I'm creating a mobile app which has a kind of open file browser or dialogue if you will.

Should i use a filter so only files supported by the application (.txt, .pdf, .epub) are visible or should i display all files?

Has their been any studies on this matter? Please provide sources with your answer.

EDIT: Just to clarify; The unsupported files can not be opened by the application. They are "disabled" in the sence their background does not highlight on touches and "nothing" happens when you touch them.

3 Answers 3


Some desktop applications show all of the files, not only the ones compatible. The compatible ones have full alpha and the "incompatible" ones are greyed out but can be selected as well (although this is also different in some programs). Whether you want to do it like that or not display them at all depends on the way your app can handle those files.

If I open a file with a different extension or no file extension at all, will your app crash or will it try to really read the data in file? On OSX, for example, I can export iwork documents as pdf and the resulting files do not have a file extension (by default, I can manually change that in the export dialog).

The question whether to show or not to show those files in the open file dialog is if you app can handle those files correctly (detecting that it is a pdf, for instance, and act accordingly). If your app is not capable of such behavior and will prompt an error when the user selects such a file, then leave them out in that dialog completely.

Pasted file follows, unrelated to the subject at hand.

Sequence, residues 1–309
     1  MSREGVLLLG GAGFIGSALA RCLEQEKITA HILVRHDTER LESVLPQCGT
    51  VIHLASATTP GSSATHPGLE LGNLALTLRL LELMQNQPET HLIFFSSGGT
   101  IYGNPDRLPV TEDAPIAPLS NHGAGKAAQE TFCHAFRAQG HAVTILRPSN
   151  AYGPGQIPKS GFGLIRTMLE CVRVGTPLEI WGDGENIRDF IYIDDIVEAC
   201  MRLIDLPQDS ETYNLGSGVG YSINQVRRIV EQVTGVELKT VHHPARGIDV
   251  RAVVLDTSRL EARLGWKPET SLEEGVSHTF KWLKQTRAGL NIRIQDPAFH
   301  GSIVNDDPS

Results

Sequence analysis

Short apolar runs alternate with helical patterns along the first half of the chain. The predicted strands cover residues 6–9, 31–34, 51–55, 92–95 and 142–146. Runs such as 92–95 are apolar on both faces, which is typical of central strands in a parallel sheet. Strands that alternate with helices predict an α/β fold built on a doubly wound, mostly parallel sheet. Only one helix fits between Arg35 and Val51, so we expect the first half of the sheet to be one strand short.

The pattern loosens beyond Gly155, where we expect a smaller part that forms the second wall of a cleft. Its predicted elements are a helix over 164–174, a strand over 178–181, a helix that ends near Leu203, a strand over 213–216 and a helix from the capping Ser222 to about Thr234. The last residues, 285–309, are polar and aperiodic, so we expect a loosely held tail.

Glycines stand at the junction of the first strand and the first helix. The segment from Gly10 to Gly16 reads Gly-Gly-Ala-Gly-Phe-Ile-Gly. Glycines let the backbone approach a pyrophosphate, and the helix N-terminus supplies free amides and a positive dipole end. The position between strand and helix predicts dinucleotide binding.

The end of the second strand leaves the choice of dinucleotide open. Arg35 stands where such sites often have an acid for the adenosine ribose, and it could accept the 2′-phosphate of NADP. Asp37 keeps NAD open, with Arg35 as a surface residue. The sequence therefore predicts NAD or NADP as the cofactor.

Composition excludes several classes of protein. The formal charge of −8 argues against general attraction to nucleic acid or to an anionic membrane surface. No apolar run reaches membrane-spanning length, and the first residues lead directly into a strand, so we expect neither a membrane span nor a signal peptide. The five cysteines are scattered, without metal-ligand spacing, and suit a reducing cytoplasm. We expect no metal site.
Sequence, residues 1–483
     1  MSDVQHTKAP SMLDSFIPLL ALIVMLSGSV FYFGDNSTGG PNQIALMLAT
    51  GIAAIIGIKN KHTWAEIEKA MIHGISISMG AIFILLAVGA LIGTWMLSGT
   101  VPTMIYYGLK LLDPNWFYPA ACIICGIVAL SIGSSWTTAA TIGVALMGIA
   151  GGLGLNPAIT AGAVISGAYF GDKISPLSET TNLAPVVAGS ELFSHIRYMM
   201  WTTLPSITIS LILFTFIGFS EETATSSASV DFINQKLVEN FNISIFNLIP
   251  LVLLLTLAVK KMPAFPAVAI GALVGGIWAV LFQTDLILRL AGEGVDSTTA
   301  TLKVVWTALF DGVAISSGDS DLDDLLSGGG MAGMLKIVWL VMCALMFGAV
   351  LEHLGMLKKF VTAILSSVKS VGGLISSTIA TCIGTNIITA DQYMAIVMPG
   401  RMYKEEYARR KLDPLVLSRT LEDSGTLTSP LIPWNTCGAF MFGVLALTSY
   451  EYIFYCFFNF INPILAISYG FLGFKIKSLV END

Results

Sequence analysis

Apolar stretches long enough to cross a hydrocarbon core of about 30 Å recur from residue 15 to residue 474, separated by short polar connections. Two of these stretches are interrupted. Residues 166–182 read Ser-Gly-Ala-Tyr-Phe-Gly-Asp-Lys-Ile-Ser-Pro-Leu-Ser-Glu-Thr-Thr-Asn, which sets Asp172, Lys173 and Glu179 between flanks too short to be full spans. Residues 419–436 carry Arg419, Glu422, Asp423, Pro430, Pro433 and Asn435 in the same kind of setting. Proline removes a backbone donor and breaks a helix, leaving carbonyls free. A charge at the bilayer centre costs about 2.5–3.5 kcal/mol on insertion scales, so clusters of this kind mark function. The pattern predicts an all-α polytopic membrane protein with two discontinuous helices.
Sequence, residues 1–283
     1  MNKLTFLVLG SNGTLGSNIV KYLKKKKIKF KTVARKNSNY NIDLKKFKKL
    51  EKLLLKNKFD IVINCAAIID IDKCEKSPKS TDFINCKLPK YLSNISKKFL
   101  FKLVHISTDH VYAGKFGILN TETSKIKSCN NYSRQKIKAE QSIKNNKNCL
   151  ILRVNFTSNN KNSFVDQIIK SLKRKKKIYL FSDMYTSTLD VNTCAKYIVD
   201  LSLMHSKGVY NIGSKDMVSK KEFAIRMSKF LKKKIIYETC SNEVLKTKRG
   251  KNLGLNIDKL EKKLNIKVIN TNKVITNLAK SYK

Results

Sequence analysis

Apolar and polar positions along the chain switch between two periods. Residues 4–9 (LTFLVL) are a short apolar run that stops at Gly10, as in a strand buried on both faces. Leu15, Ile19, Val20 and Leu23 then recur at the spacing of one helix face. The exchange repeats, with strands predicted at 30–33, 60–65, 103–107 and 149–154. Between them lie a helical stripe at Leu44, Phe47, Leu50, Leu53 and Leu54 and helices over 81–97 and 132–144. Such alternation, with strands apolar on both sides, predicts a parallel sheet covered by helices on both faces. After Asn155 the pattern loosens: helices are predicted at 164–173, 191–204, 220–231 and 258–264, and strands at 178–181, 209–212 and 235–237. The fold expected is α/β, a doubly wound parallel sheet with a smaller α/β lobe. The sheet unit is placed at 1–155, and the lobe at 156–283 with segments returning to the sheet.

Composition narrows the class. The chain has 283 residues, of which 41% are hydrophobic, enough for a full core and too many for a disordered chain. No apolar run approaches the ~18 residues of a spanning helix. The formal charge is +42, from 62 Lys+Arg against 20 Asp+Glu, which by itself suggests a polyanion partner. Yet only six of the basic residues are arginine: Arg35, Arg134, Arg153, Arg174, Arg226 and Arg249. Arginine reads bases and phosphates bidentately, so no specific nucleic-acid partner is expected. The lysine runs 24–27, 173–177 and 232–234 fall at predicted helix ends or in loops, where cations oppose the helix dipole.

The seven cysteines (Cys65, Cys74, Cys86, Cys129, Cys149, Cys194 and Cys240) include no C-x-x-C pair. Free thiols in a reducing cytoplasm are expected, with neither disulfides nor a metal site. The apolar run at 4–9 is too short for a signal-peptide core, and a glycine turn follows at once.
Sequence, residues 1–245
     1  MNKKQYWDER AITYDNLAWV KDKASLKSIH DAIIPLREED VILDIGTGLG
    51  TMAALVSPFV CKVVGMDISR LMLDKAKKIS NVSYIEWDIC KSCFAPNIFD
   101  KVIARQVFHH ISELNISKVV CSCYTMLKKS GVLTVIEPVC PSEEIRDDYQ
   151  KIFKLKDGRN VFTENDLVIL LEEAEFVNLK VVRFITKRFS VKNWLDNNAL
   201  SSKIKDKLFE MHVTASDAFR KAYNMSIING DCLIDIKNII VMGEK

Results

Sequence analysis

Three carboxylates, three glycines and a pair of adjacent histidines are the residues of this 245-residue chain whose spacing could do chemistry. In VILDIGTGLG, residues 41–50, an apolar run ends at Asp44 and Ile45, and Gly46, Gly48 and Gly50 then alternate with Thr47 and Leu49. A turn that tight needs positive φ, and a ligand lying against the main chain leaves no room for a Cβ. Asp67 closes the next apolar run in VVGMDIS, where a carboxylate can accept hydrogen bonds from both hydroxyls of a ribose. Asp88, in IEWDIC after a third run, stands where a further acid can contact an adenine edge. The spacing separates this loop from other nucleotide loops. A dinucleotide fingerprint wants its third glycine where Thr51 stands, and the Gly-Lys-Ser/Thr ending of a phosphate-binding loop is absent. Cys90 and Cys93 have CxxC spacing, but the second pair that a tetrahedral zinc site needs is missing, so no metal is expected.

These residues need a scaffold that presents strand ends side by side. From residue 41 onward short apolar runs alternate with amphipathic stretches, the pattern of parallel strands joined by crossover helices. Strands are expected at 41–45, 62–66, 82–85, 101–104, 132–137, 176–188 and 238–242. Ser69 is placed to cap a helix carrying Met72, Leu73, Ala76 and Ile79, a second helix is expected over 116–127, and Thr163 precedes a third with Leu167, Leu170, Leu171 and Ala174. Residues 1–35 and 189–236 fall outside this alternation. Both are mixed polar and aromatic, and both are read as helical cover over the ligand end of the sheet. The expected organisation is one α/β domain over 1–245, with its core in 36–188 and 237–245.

It is bad practice to offer choices to the user that will end in error during the next step if that is predictable. If you need to do it that way, put a help text in that dialog explaining that only files with extensions x, y and z are displayed. Better way (in my eyes) is to change the app to be able to handle the files correctly, even without file extension. Then, of course, all files should be visible in the open file dialog.


No studies sorry, just general practice.

There is no use allowing someone to open a file type that is not supported by the app. It would only lead to an error message or something worse.

Still there is a case to be made for the "all files" option, provided that in this case "all" in fact means "all supported". I personally hate it when I first have to select the correct file type before seeing the files of that type. Others prefer it that way.

So, I'd get the best of both worlds and keep everybody happy:

  • Add a filter to the open dialog for each supported file type and
  • add a "All (supported) files" filter at the bottom of the filter list.
  • Make the file type that will be used most often the application default, and
  • change the default with the last file type used on a per-user basis.
  • This and add a search box. Problem solved!
    – Barfieldmv
    May 14, 2012 at 13:27

Since the filters used in a file dialog are based on extension and not the actual header of the file's content, some compatible files will not pass file extension based filters.

Always give the user an option to select only from recognized extension and an option to select any file (by selecting the "all files" filter or by typing *.* into the filename box and pressing enter.

Since the most common and most fool proof option is to filter by the default extensions, this should be the default display.

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